At the writing of this article, I have installed SeaDog sails on three different kayaks. Each installation has been different due to differing circumstances. Each installation, while requiring some extra work, has been reasonably easy and straight forward. In this article I will concentrate on making an adapter for the mast baseplate on a Skimkayaks Beaufort.
The Beaufort however, with its negative groove (or gutter) running down the center of the deck is the most demanding installation thus far. The negative groove will require an adapter for the mast base plate. The flat bottom of the plate needs to be mated with the bottom of the groove. Otherwise this may cause pressure ridges onto the deck groove which may later cause cracking. Also the mast base plate needs to be slightly higher to allow enough counterclockwise rotation of the mast attachment piece!
More about the actual installation process of the mast will follow…
Now be honest! Have you ever fantasized, in a following wind, under a heavy load , somehow .. harnessing that wonderful wind to help you get along….? Now don’t lie! I suspect EVERY sea kayaker has in one point or another thought like this. 😀
Springtime 2015 I found myself trying out something completely new. GnarlyDog convinced me to give kayak sailing a try. Uptil now I’d only tried using windpaddle sail briefly, but did not like the concept at all as it is strictly downwind sailing and while it does not require a rudder equipped kayak, it works better with one… And I’m not going to install a rudder on my kayaks. End of discussion! Also it ties ones hands to operating the sail…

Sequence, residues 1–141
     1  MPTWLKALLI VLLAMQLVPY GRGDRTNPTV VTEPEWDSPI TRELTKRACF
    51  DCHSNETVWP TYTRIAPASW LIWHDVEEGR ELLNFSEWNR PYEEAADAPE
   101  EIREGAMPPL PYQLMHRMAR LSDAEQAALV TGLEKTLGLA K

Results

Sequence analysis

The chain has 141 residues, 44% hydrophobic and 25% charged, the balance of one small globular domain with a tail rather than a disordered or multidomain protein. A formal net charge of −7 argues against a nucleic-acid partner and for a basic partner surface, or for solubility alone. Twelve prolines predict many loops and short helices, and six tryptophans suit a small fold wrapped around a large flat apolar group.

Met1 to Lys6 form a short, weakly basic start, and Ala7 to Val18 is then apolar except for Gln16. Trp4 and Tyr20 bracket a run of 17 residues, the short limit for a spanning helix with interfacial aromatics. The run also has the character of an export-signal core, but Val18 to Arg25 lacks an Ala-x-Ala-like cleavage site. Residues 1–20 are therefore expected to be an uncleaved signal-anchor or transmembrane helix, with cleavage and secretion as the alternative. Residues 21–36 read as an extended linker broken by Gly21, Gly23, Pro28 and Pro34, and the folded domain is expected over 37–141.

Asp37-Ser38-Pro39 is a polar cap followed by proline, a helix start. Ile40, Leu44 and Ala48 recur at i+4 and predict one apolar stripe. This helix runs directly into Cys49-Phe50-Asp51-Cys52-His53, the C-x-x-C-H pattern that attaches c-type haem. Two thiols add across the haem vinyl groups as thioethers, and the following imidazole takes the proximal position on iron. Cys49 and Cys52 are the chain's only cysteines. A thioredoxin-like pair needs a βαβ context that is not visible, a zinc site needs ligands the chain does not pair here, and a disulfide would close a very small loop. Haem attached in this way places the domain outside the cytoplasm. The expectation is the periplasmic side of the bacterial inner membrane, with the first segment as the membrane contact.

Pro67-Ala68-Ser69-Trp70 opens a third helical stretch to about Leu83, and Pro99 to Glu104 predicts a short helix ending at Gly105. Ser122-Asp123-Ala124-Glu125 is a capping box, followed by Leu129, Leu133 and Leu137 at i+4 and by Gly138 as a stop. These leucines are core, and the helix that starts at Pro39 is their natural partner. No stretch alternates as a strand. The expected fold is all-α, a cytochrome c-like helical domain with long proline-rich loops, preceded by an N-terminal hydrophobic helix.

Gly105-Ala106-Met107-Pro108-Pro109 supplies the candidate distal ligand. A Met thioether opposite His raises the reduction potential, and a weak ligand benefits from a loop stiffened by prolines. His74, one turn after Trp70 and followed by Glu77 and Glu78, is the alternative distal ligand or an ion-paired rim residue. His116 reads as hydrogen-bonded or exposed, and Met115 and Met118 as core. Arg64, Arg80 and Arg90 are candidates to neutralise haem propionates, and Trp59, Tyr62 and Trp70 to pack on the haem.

Gnarly suggested SeaDog Sails, whom I contacted and some weeks later I received my first SeaDog Sail ! Its been fun ever since! It was early may 2015 when I was able to go out and start learning to use the sail.
About the sail, it is surprisingly smart set up. Contrary to common beliefs it DOES not require a rudder for installation! A skeg would be nice to have but basicly one can sail decently without a skeg installed, however here one will need to use corrective strokes or a paddle rudder quite often. That said I will be retrofitting a skeg in all of my kayaks!
The sail basicly operates as follows: When you want to sail. You release it from “Stowed on deck” configuration, pop the mast into its “mast up” configuration, cleat the up haul line and “Voila” ready to sail! If the going gets rough or you need to go into the wind, then you reverse the previously described operation and your kayak is back in its “pure kayak – mast down” mode. Quite simple! With a little practice each operation takes no-more than 5-7 seconds to perform.